While there are plenty of alternatives, a few are definitely more inconvenient. For example, I can use Google Voice to make and receive phone calls, but I need a PC to do so. This means I can only make calls when there’s a wifi connection. I can take my laptop to the library or a coffee shop and still make or receive calls using free wifi.
It’s kinda-sorta mobile, but not exactly the same thing.
I admit this will be a little inconvenient, but I rarely make or receive phone calls anyway (this is why I have a $10/year cell phone plan). The impact to me should be minimal.
So far, I’ve been without a phone most of the week and I can honestly say I’ve hardly noticed. The only time when I actively *wished* I had a phone was when I was “killing time” waiting for my kids to finish in the restroom. (They take forever in the bathroom!)
Starting The Experiment
Yep, I’m turning this into one of my experiments. A little “cell phone-withdrawal” experiment. I’m going see how addicted I am, and how long I can last without one. Maybe I’ll get “pushed over the edge” by all the inconveniences. Maybe not! I want to last at least a month without caving-in and buying a new phone.
Is this experiment a little ridiculous? Maybe! I certainly have enough money to pay for any phone I could possibly want, but this experiment isn’t about maintaining the status-quo or using dollars to solve problems. It’s about pushing me outside my comfort zone into places I will find inconvenient. On purpose!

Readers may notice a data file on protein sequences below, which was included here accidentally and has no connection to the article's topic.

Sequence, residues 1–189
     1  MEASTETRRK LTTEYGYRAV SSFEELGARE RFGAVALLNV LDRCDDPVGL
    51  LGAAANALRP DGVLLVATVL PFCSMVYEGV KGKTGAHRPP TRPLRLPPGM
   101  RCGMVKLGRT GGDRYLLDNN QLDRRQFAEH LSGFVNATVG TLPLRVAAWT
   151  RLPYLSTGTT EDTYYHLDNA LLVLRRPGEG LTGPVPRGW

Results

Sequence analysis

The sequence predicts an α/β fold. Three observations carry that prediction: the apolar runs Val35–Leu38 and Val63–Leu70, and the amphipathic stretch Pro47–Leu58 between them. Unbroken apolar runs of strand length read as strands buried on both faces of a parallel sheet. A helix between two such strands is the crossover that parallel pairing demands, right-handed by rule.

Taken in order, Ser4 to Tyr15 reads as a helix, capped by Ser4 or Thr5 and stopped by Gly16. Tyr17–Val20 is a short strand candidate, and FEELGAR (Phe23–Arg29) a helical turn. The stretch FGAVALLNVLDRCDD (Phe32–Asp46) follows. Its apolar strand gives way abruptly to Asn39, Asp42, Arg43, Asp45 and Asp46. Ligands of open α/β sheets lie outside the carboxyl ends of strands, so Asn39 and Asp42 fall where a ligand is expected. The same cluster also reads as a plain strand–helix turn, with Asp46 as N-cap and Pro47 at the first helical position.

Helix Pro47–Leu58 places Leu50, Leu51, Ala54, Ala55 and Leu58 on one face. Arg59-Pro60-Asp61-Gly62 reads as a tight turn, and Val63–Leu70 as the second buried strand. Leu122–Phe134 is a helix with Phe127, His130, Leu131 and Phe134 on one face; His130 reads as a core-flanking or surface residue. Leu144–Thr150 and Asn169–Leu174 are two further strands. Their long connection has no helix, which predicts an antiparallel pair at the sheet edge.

I find that a little discomfort can be a wonderful teacher. In my opinion, there’s nothing like going without to make you appreciate having the simple everyday things in life, like cell-phones.
Inconvenience can also be an opportunity for major savings. While I don’t pay all that much for cell phone service to begin with, the cost of a new phone is still a major expense. One I think often gets overlooked in the name of convenience.
Convenience frequently comes at a high-cost. In the case of objects like a cell phone, it’s something we take for granted these days. Remember — A cost taken for granted is a cost not fully optimized!
Wish me luck everybody!
What’s the longest you’ve gone without a phone in recent years? A week? A month? A year?
[Image Credit: Flickr]